Since it first appeared on local shores back in 2013, the Renault Duster has carved a comfy niche for itself. Its butch appearance, credible off-road abilities (in all wheel drive guise) and spacious cabin has helped Renault sell more than 12 000 units, undoubtedly helped along by a very strong value proposition: it’s slightly larger than most competitors, yet it costs less than most. A recent facelift has only cemented this success, with the Duster’s popularity still showing no sign of abating. Of course, it helps that the B-segment SUV is a South African darling, being one of the market segments which show sustained demand even in the face of depressed overall sales.
This success story has now received added impetus in the form of a new derivative, which combines two highly sought-after elements: a frugal turbo diesel engine matched with an automatic transmission. You can’t have the new Duster 1.5 dCi EDC with all wheel drive, but that doesn’t really matter, as few of these vehicles will ever venture further off the beaten track than a trip to the nursery in any case. Sure, there’s still some decent ground clearance (aided by tall tyres and rugged-looking underbody protection), but it’s more for show than to proclaim any off-road ability, so the fact that only the front wheels do driving duty isn’t of any real concern.
The important bit is how this new engine/gearbox combination transforms the Duster’s driving experience. Used here in 80 kW trim (with 250 Nm), the drivetrain is lifted wholesale from the larger (and more expensive) Kadjar SUV. But while it feels a bit breathless in the Kadjar, it turns the lighter Duster into an effortless, smooth operator. Perhaps the lower weight burden also explains why the 6-speed dual-clutch gearbox appears to be far more decisive than in other applications, but whatever the reason, it works very well in the Duster. It pulls away smoothly, slips almost imperceptibly through its ratios, and does a sterling job of keeping the diesel mill operating within its rather narrow power band. As a result, performance is adequate if not startling, and overtaking opportunities are seldom wasted.
This modest performance is probably a good thing, however, as the suspension is set up to be everything except sporty. While directional stability is good, cornering prowess clearly wasn’t on the list of engineering targets. Hard cornering leads to masses of body roll before quickly giving way to safe, predictable understeer. It might be fool-proof, but it’s not really fun to drive it in this manner. Rather sit back, relax, and enjoy the wave of turbo charged torque and smooth shifts to waft you along, while luxuriating in a ride quality that resolutely emphasises comfort. Speed bumps and potholes pass underneath with barely a thump, and gravel roads are taken in its stride. If you plan on treating the family to a long road trip, this machine will certainly suit your requirements to perfection, especially given its commodious luggage volume of 475 litres with all seats in use.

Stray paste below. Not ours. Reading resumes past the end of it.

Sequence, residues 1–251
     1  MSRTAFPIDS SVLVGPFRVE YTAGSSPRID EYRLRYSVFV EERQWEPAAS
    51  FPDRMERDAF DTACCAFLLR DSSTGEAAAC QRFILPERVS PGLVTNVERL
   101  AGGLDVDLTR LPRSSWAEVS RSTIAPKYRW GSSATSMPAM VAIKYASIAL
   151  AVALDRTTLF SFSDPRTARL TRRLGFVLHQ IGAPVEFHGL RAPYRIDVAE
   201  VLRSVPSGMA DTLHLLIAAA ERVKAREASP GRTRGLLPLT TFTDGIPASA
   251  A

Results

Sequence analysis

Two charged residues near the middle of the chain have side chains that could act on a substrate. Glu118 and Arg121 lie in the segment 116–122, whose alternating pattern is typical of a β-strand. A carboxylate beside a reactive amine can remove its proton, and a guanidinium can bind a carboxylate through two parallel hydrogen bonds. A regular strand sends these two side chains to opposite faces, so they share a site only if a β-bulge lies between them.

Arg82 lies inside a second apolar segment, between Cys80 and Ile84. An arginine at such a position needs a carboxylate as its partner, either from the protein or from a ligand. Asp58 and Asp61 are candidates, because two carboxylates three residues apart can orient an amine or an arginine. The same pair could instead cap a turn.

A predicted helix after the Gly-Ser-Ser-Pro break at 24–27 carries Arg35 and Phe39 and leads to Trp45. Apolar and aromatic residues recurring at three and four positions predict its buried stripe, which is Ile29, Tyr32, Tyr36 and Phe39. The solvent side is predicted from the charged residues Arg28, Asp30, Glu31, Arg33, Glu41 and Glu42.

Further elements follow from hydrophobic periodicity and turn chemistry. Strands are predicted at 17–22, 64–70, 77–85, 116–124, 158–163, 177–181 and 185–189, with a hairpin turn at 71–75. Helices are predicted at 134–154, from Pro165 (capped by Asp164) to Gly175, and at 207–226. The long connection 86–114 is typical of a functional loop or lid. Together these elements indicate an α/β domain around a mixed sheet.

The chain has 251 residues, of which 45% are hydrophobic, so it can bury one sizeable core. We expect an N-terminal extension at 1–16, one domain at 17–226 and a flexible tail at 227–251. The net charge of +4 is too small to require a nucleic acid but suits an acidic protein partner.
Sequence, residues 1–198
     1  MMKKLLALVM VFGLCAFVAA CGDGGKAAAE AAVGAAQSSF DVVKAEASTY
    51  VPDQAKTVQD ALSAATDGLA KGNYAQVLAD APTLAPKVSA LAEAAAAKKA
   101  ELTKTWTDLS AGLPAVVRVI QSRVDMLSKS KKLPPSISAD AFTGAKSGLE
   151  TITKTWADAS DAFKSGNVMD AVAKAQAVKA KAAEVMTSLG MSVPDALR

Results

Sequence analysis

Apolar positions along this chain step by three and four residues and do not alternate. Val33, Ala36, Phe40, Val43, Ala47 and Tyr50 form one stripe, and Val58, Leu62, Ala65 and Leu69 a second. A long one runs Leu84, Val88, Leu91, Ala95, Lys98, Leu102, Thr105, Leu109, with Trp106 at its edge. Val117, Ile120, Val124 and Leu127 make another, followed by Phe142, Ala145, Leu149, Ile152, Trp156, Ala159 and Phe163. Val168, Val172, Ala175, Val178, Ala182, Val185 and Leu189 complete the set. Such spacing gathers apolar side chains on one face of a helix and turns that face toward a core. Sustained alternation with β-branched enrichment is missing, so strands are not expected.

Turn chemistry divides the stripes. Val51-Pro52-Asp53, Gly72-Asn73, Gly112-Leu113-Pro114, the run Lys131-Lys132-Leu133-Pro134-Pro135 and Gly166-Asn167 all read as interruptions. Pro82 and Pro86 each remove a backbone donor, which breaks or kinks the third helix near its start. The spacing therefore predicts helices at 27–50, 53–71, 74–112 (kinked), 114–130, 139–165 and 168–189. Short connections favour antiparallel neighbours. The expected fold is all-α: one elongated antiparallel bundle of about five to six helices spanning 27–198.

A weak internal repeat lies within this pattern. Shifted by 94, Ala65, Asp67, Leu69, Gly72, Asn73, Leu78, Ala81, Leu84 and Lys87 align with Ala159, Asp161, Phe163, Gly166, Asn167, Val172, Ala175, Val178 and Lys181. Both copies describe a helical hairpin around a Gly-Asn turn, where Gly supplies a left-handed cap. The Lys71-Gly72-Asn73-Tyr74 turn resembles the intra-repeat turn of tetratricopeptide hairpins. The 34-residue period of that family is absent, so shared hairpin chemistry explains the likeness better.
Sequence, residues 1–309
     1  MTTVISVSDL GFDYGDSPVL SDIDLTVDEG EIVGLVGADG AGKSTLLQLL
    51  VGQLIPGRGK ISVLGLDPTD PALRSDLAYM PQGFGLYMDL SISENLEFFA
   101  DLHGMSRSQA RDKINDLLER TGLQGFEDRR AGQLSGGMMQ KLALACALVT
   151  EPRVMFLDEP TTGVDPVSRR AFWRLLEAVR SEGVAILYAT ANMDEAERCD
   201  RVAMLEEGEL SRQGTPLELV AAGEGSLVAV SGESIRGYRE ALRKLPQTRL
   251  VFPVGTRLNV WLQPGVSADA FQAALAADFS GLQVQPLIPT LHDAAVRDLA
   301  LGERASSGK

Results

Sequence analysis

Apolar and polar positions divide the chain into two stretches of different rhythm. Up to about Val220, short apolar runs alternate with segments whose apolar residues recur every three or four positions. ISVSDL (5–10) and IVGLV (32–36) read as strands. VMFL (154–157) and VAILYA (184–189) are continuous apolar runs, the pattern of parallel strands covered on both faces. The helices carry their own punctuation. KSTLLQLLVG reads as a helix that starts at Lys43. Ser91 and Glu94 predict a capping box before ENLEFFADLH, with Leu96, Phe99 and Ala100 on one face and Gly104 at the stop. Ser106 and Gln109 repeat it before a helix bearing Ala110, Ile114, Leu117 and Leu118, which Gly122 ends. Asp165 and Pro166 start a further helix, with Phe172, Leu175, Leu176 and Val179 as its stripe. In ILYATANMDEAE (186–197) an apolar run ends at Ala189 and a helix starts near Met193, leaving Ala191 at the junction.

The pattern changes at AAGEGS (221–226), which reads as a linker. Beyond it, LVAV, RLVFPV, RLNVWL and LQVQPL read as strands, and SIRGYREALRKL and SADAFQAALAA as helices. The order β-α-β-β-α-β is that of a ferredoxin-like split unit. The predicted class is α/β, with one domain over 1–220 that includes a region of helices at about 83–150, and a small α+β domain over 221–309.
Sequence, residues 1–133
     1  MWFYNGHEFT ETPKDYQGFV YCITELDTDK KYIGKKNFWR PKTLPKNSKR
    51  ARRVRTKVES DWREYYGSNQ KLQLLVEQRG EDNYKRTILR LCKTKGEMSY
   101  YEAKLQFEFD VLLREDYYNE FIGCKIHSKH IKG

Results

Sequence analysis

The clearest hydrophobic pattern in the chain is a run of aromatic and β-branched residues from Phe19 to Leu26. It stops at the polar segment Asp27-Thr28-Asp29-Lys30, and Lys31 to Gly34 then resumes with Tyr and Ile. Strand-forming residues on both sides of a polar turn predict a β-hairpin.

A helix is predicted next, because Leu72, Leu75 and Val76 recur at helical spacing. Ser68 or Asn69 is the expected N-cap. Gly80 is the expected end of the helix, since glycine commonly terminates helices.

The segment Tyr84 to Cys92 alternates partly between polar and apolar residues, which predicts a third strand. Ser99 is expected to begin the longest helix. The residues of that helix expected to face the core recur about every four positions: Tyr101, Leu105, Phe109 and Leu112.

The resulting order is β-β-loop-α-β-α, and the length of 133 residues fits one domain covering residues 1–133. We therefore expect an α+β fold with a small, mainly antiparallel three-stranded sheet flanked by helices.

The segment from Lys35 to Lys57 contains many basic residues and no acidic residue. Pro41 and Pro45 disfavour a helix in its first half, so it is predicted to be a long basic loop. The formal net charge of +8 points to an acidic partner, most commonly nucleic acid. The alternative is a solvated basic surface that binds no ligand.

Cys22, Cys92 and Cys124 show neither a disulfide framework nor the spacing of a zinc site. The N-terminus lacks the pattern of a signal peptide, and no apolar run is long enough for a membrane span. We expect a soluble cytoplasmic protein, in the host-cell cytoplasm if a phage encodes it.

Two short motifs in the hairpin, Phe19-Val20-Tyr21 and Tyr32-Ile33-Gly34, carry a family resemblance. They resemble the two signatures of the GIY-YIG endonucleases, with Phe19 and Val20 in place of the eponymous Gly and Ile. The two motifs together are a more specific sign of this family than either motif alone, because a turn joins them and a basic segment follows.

It’s also not really luxuriously trimmed either, with hard plastics abounding throughout the cabin. Still, everything is screwed down properly, and even rough roads failed to draw a single squeak or rattle from either plastic or bodyshell. Like all diesel Dusters, the 1.5 dCi EDC is only available in the higher-level Dynamique trim. It’s quite generously equipped, especially at this price point, with rear parking sensors and a rear-view camera, colour touchscreen infotainment with navigation, and cruise control all featuring as standard. Leather upholstery is a R10 000 option, and metallic paint will add another R2 500.
That’s a well-padded spec sheet for a vehicle which retails for only R299 900 in basic form, and given that strong value statement, it’s easy to forgive the Duster for its less-than-stellar driving dynamics and hard plastics. Add to that an economical (4.8 litres/100 km claimed average consumption) and smooth-operating drivetrain, class-leading spaciousness, and superbly comfortable ride, and it’s clear that this Duster is on the right track.